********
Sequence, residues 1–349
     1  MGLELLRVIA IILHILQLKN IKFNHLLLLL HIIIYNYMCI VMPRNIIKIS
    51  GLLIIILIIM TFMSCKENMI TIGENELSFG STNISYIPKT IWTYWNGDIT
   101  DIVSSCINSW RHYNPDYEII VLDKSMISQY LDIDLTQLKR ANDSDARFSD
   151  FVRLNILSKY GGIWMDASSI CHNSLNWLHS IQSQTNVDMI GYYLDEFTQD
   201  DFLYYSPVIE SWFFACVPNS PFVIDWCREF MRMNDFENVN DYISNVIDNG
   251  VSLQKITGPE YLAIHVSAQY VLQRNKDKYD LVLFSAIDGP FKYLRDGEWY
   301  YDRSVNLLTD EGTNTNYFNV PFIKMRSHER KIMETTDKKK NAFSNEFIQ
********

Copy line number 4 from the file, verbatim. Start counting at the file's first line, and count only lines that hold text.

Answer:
   101  DIVSSCINSW RHYNPDYEII VLDKSMISQY LDIDLTQLKR ANDSDARFSD